Chocolate and kirsch are the stars of this knockout classic German dessert gâteau, with a light, airy sponge the key to success. Catherine Adams shows us how it's done.
I first played around with Black Forest cake when I worked at Rockpool Bar & Grill after seeing Heston Blumenthal make his Black Forest gâteau in the kitchen. The cake's 10 layers had dark and white chocolate mousses, kirsch ganache, apricot pâte de fruit and more. Then I came across a version by Ramon Morató, the great Spanish pastry chef, which was white, not black. I thought it was really elegant and beautiful, so we put individual "White Forest" cakes on the menu.
The version I've done here has the more traditional light and dark layers, with a light and airy dark-chocolate sponge and a white kirsch mousse - a more classic gâteau and easy to accomplish at home.
Black Forest cake, or Schwarzwälder Kirschtorte, includes kirsch, but you could do a version with Grand Marnier and orange rind (though perhaps not under the same name).
The sponge I like to use is very versatile - it can be baked thin to make a Swiss roll, or thicker to use, as I have here, for a layer cake. You want the sponge to be light but sturdy enough to hold the layers - using cornflour instead of plain flour helps with lightness, and whisking the whites separately and folding them in increases aeration.
I weigh all pastry ingredients. The ratio of yolks to whites can vary from egg to egg, for example, so giving a weight rather than a number means a more consistent result. Then whisk two-thirds of the icing sugar with the yolks on medium speed so by the time the whites are whisked, the yolk mixture will be ready. You want the eggwhites between soft and firm peaks; you won't get a light cake if they're too firm. Once the eggs are whisked, you need to fold them together. Fold a third of the eggwhites into the yolks to lighten the mixture; you don't need to be very delicate with this - it's just to loosen up the yolks before folding in the remaining eggwhite. You only need to fold the eggwhite through a couple of times, then start adding the cocoa powder so you don't overfold the mixture. Fold until everything is just combined, then divide the mixture between two baking trays, stud with cherries and bake them straight away so the batter doesn't lose any air.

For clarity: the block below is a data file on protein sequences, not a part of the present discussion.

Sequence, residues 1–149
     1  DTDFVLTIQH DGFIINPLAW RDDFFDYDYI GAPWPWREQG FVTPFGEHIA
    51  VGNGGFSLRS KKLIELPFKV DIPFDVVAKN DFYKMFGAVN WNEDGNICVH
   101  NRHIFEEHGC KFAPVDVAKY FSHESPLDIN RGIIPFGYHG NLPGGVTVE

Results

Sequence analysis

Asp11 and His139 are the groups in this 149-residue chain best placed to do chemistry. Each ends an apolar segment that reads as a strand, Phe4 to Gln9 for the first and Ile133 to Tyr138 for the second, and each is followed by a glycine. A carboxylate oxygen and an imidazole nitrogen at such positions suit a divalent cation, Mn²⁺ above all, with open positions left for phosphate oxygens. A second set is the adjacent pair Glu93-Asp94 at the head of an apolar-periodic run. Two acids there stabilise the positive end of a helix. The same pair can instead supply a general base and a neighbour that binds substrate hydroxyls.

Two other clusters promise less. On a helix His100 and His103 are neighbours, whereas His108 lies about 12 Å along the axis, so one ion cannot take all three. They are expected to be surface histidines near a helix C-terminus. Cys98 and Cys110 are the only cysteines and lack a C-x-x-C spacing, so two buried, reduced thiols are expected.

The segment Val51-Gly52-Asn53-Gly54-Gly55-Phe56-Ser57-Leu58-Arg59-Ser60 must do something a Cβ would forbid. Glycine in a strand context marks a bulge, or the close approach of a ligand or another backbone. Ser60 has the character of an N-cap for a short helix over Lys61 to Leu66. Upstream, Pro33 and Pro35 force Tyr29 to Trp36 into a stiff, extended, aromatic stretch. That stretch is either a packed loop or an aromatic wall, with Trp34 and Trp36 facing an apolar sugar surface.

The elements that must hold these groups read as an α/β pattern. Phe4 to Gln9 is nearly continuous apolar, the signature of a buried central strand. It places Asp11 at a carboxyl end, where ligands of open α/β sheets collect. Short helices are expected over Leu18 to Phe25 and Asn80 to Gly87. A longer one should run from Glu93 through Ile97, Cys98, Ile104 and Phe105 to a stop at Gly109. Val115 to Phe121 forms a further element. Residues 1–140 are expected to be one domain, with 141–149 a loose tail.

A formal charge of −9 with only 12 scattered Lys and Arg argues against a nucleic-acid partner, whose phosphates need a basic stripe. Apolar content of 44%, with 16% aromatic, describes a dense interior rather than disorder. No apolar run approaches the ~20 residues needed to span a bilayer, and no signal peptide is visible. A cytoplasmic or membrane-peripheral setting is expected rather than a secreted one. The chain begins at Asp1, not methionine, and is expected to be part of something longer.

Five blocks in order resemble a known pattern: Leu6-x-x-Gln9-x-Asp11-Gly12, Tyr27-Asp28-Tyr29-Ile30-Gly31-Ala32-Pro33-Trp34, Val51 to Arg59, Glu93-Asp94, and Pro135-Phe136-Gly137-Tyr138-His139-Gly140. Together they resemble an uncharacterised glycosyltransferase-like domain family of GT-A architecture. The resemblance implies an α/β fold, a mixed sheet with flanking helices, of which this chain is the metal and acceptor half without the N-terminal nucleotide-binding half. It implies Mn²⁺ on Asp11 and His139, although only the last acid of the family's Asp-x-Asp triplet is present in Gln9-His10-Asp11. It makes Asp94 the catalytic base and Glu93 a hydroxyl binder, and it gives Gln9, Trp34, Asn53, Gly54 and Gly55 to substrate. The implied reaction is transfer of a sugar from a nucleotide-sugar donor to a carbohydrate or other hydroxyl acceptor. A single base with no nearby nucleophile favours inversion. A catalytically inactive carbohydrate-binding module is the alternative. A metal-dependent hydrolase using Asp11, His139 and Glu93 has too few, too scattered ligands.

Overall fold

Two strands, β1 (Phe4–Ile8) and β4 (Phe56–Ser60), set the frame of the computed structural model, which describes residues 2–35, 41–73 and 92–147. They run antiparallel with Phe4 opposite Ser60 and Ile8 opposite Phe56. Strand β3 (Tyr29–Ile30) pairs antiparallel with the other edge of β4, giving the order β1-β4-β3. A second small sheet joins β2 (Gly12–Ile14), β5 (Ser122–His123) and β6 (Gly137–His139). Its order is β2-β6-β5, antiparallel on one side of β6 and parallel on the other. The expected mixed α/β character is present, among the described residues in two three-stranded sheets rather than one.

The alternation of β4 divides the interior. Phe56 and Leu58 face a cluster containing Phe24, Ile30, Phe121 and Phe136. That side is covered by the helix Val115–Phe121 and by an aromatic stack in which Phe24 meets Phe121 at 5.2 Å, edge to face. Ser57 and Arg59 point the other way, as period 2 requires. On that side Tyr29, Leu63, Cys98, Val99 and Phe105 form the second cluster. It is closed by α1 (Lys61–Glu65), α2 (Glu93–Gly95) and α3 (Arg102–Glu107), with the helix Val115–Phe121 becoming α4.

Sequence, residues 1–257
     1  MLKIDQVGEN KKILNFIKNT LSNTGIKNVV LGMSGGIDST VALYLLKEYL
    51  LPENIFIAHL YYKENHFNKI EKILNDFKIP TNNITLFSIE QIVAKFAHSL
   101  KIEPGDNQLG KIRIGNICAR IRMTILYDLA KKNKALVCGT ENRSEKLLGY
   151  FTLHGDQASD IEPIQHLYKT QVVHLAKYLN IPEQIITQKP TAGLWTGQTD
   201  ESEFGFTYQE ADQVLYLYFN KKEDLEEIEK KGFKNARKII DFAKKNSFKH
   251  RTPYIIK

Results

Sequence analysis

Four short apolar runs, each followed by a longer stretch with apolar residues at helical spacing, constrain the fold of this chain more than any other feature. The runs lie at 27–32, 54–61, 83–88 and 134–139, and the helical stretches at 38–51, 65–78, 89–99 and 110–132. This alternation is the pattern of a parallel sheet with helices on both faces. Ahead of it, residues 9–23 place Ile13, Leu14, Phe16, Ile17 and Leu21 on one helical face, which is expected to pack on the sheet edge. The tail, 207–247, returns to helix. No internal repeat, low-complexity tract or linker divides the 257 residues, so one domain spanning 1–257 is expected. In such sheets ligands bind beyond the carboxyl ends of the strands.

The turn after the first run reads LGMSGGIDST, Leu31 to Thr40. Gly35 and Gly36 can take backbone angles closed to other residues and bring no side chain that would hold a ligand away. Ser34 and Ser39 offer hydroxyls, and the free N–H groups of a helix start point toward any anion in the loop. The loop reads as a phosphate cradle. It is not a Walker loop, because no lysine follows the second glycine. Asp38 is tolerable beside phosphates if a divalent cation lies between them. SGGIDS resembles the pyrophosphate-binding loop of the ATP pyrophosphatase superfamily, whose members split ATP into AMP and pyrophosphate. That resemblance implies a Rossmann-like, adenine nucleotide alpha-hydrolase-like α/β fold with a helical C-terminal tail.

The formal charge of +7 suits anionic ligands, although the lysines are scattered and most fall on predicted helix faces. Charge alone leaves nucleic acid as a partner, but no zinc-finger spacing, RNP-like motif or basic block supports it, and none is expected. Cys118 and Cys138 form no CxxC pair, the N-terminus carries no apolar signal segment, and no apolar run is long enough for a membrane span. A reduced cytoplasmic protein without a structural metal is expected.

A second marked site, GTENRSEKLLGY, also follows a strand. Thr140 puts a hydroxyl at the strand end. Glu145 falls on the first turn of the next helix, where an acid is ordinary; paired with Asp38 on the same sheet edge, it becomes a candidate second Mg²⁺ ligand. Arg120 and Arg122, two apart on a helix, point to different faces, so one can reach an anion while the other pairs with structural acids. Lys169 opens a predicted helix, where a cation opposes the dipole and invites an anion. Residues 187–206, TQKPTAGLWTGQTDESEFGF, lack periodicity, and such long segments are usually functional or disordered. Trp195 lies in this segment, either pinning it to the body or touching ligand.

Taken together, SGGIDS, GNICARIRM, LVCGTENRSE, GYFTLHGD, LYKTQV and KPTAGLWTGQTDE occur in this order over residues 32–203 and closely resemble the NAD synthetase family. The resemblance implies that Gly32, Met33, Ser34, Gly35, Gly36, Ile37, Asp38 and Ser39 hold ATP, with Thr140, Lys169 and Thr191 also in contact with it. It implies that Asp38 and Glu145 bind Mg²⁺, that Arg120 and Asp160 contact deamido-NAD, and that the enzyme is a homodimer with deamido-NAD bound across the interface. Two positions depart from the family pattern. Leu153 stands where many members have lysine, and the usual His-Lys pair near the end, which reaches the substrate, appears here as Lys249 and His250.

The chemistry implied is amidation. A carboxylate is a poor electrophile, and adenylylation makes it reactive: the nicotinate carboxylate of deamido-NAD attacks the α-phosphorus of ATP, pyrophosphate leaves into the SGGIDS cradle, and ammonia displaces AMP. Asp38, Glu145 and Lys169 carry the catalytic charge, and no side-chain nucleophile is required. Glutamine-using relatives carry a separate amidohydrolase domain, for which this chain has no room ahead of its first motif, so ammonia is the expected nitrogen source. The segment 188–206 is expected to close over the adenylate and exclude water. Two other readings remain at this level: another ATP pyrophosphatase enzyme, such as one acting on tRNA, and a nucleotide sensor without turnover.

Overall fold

I use preserved sour morello cherries for this recipe, but Griottines cherries, if you can find them, are better because they're steeped in alcohol, which gives a bit more of a kick.
For the filling, I use a mousse rather than a cream. It keeps in the fridge for three days, so it's perfect to make ahead. The base of this mousse is a Swiss meringue - it's used for fillings and icings because the eggwhites are heated to 70C, which makes the filling stable. It's important to cool the meringue to 30C before adding the whipped cream so it doesn't melt. If the mixture is too cold, meanwhile, the gelatine may start to set, so whisk the cream while the meringue is cooling. Don't whisk the cream until it's firm, not even to soft peaks, or the mousse will be too firm and won't settle in the tin evenly. Fold a little meringue through the gelatine mixture, then fold in the remaining meringue, and finally the whipped cream.
When the cakes are ready, I cut a round from each that's slightly smaller than the size of the cake ring I'll be using to allow the mousse to fall down the sides of the cake.
Adding kirsch to the mousse gives a nice boozy tinge without making the sponge soggy. But if you prefer a boozier cake, and you'll be serving it on the day it's made, lightly brush the cooled sponge with kirsch before assembling it.
To finish the cake, I layer the sponge and mousse in a 6cm-deep, 24cm-diameter cake ring (you can also use a springform pan). Refrigerate the cake for a few hours, then decorate it as you like. This is the perfect dessert for a long Sunday lunch.